(This volume of the series The Plant Viruses is devoted to...)
This volume of the series The Plant Viruses is devoted to viruses with rod-shaped particles belonging to the following four groups: the toba moviruses (named after tobacco mosaic virus), the tobraviruses (after to bacco rattle), the hordeiviruses (after the latin hordeum in honor of the type member barley stripe mosaic virus), and the not yet officially rec ognized furoviruses (fungus-transmitted rod-shaped viruses, Shirako and Brakke, 1984). At present these clusters of plant viruses are called groups instead of genera or families as is customary in other areas of virology. This pe culiarity of plant viral taxonomy (Matthews, 1982) is due to the fact that the current Plant Virus Subcommittee of the International Committee of Taxonomy of Viruses is deeply split on what to call the categories or ranks used in virus classification. Some plant virologists believe that the species concept cannot be applied to viruses because this concept, according to them, necessarily involves sexual reproduction and genetic isolation (Milne, 1984; Murant, 1985). This belief no doubt stems from the fact that these authors restrict the use of the term species to biological species. According to them, a collection of similar viral isolates and strains does constitute an individ ual virus, i. e. , it is a taxonomy entity separate from other individual viruses.
Fraenkel-Conrat received his Doctor of Medicine degree from the University of Breslau in 1933. Due to the rise of Nazism in Germany he left for Scotland in 1933 and finished his Doctor of Philosophy degree at the University of Edinburgh in 1936.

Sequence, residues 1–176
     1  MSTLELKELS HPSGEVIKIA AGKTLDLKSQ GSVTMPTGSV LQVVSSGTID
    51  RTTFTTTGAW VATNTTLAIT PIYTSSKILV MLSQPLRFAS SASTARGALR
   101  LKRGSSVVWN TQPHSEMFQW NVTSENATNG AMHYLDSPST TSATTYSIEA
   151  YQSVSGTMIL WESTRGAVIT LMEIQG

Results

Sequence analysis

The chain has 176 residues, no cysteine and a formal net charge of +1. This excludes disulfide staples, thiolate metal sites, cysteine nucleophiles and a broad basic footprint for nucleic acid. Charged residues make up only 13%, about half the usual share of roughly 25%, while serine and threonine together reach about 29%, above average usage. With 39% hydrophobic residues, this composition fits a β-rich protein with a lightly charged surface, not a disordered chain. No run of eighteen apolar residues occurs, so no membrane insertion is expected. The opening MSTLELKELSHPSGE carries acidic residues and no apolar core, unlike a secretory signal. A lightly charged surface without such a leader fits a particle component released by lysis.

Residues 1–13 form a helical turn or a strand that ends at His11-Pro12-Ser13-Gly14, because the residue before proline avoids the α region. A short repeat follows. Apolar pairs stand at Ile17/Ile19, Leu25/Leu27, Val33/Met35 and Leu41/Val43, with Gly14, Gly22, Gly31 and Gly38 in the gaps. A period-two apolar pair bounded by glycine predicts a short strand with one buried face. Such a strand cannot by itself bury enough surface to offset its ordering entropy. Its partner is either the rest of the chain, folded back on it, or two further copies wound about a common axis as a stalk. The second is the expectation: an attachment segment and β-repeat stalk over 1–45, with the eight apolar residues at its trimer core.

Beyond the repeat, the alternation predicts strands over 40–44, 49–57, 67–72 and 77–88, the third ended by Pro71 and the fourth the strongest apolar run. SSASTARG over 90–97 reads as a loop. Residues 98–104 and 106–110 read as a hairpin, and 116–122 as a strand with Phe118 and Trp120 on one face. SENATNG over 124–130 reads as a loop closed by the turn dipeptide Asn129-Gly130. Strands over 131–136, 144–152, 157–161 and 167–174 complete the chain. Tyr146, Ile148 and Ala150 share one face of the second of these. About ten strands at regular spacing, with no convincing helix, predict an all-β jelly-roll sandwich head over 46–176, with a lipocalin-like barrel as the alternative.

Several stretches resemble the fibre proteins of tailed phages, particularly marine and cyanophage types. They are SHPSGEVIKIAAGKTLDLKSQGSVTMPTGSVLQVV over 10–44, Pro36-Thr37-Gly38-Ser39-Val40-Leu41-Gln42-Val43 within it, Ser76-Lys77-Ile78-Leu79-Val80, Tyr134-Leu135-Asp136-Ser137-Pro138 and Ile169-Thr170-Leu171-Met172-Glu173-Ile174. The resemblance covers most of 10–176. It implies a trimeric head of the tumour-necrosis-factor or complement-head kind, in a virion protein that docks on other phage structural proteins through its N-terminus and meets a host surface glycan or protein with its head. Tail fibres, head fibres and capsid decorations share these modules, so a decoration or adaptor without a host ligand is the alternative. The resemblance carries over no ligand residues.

Fraenkel-Conrat started his career as an assistant Rockefeller Institute in 1936. The next year he became a research associate at Butanan Institute, Sao Paulo, and since 1938, he had been working at the University California at Berkeley. From 1942 to 1950 he worked as an associate chemist at We. Regional Research Laboratory of United States Department of Agriculture.
Heinz rejoined the University of California at Berkeley in 1952 where he remained until his death. He was also a visiting professor at Postgraduate Medical College University in London since 1986 and a contributor to journals and periodicals, including Proceedings of the National Academy of Sciences, Scientific American, and Bioessays, Comprehensive Virology.
(This volume of the series The Plant Viruses is devoted to...)1986
(Focuses on the nature and history of viruses and viral di...)1994
Member National Academy of Sciences, International Society Toxinology, American Association for the Advancement of Science, American College of Surgeons, American Society Biological Chemistry.
Fraenkel-Conrat married Jane Operman, whom he divorced, on July 15, 1938. Then he married Beatrice Brandon Singer on June 1, 1964. He had 2 children: Richard and Charles.